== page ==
Bringing a Business Perspective to Cybersecurity Operations II

  • TYPE: Combined Session DATE: Tuesday, October 08, 2019 TIME: 14:15-15:15 LOCATION: Holeman Lounge
Track

Sessions:

The Internet of Things (IoT) is growing faster than our ability to safeguard ourselves. As IoT becomes ubiquitous, it is important to consider the safety impacts of cyber-physical systems. In the interest of public safety, future cybersecurity systems will adapt to threats in real time based on the standards being developed today.

This talk will cover identify several key industry standards and how they will contribute to IoT safety. It will conclude with a vision of how future IoT systems will be safer by tieing these activities together.


The Internet of Things (IoT) is growing faster than our ability to safeguard ourselves. As IoT becomes ubiquitous, it is important to consider the safety impacts of cyber-physical systems. In the interest of public safety, future cybersecurity systems will adapt to threats in real time based on the standards being developed today. 

The downsides of ignoring safety will be discussed with some IoT examples from the transportation, healthcare, factory, and utility sectors. After setting the stage on the importance of cybersafety using Fear, Uncertainty, and Doubt (FUD), I'll argue against using FUD and present the proven risk management scientific principles that should be used instead for all security decision making. Instead decisions will be done algorithmically based on proven scientific methods using security policy, risk tolerance, and the potential safety/financial impacts of the threat. Factor Analysis of Information Risk (FAIR) is a practical framework for understanding, measuring and analyzing information risk, and ultimately, for enabling well-informed decision making. The talk will give a brief introduction to FAIR and the Open Group standards related to it, as well as how it applies to IoT.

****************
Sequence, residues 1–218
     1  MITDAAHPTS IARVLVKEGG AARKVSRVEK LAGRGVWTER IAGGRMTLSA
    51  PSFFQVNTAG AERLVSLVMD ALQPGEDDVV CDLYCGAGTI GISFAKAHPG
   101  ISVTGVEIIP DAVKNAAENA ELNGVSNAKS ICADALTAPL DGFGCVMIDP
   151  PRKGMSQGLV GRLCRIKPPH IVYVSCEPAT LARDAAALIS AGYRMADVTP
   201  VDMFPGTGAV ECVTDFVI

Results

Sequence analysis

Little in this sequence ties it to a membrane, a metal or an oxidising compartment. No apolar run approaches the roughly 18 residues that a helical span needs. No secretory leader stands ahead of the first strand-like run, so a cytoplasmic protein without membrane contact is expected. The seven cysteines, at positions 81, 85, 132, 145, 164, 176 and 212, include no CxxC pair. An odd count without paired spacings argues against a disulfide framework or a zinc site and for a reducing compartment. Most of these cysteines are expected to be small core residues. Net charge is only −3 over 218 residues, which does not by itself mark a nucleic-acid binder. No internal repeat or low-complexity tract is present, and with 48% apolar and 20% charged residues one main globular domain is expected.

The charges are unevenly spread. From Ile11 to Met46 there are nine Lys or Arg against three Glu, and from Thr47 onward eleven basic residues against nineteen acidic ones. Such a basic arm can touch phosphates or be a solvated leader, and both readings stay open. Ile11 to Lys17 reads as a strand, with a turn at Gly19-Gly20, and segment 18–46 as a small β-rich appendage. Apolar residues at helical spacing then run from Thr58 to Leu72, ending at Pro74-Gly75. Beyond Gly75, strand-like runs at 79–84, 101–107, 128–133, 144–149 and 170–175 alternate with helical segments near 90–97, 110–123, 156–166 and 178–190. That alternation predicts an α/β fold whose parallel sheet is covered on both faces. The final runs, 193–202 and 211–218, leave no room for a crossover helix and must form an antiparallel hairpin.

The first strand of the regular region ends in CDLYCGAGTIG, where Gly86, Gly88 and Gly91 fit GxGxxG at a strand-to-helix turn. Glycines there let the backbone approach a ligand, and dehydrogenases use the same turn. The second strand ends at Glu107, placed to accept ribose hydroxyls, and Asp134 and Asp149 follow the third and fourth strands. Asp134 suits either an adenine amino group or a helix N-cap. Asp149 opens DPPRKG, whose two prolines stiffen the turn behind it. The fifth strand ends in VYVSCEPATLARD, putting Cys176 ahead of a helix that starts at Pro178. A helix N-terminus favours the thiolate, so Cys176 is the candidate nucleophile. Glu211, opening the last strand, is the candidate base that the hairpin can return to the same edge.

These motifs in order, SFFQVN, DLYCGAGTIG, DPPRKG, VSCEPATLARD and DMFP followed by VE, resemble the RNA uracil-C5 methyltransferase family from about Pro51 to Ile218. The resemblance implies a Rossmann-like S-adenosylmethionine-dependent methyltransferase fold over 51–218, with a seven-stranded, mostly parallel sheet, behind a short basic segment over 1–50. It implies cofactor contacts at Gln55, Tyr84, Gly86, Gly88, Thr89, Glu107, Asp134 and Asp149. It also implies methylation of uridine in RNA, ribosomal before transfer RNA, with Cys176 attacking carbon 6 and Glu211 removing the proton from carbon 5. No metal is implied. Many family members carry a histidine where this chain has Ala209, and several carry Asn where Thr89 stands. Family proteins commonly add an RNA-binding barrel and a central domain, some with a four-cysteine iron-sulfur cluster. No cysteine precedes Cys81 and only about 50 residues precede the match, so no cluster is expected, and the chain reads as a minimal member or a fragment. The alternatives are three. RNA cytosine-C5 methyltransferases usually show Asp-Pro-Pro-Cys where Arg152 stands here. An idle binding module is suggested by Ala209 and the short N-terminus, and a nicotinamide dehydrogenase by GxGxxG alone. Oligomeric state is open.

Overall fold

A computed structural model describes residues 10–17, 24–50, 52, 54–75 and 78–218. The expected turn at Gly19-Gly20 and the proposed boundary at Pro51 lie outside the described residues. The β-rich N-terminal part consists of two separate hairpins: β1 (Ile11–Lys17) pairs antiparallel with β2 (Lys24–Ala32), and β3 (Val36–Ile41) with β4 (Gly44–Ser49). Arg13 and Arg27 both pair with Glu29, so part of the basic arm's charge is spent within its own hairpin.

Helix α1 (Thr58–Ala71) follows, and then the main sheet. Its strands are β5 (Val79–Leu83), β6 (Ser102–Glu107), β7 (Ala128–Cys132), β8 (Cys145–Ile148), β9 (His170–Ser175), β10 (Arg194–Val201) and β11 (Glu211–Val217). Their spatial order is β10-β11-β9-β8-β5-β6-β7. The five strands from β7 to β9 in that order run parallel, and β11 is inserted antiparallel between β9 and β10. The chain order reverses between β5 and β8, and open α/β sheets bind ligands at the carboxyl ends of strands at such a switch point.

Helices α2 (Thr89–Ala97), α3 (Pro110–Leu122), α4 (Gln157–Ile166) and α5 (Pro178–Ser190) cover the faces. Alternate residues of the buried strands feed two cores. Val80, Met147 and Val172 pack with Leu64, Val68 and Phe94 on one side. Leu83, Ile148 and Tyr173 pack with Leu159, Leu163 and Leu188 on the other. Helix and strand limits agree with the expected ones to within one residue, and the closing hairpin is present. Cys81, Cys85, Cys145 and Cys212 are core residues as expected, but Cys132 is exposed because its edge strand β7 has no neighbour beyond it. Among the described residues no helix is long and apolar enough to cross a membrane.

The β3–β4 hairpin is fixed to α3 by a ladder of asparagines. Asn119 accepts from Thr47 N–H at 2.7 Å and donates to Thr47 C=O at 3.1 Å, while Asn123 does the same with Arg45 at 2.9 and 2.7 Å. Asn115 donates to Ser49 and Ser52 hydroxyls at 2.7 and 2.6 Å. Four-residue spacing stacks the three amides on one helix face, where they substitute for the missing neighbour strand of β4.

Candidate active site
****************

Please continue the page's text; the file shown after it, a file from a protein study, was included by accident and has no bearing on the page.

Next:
Modern software systems involve increasingly complex and dynamic supply chains. Lack of systemic transparency into the composition and functionality of these systems contributes substantially to cybersecurity risk. This talk will cover the work underway in a NTIA Working Group on Software Transparency and the use cases for Software Bill of Materials (SBoM).

The third principle necessary for IoT safety is responding to a cyber-attack at machine speed. The talk will cover why that is important to IoT and what should be done to achieve response in cyber-relevant time. The economic benefits of automation and machine-speed response will be presented. The OASIS OpenC2 standards for command & control (C2) will be discussed and how those standards will facilitate automation in IoT, particularly in conjunction with several other OASIS standards on sharing threat intelligence (STIX/TAXII) and playbooks (CACAO). The talk will conclude with a vision of how future IoT systems will be safer by tying these activities together.

Key take-aways:

  • Attendees will learn about several standards that will help make IoT safer.Attendees will learn how to make more informed decisions based on risk tolerance.
  • Attendees will learn about the use cases for Software Bill of Materials (SBoM), and they will leave desiring their suppliers to provide SBoM and desiring to create SBoM's for any software they supply.

Attendees will learn about the use cases for OpenC2, STIX/TAXII, and CACAO in the context of IoT safety.

Speaker:

Duncan Sparrell is a seasoned (aka old) network security evangelist with 40+ years of expertise in conceiving, developing and delivering state-of-the art software platforms. Duncan graduated from Rensselaer with Bachelor and Master Degrees in Electrical Engineering back when computers were...


So you're receiving cyber threat intelligence (CTI) from outside sources. Great. Now what? How do you find the intelligence that's relevant to you and your organization? And how can you use that information to adopt a more proactive cyber defense posture?

This presentation will outline a strategy that information security analysts and engineers should consider to help them isolate relevant intelligence and make it more actionable by using their existing infrastructure of sensors and controls. With this strategy in play, teams and organizations will be able to think about cyber defense in proactive terms, and move away from only reacting after an attack has already hit their systems.

Questions answered by the speaker include:

  • How CTI is typically used today
  • What is the "Feedback" gap
  • How to close the gap
  • How this helps real-time (at machine speed) cyber defense

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Washington, D.C. - USA

Conference

CyberNext Summit 2019

Language:
English
Registration fee:
€1000.00 $1250.00 S$1600.00 11000.00 kr
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Contact person:

Mr. Levent Kara
+49 211 23707710
lk@kuppingercole.com
  • Oct 08 - 10, 2019 Washington, D.C. - USA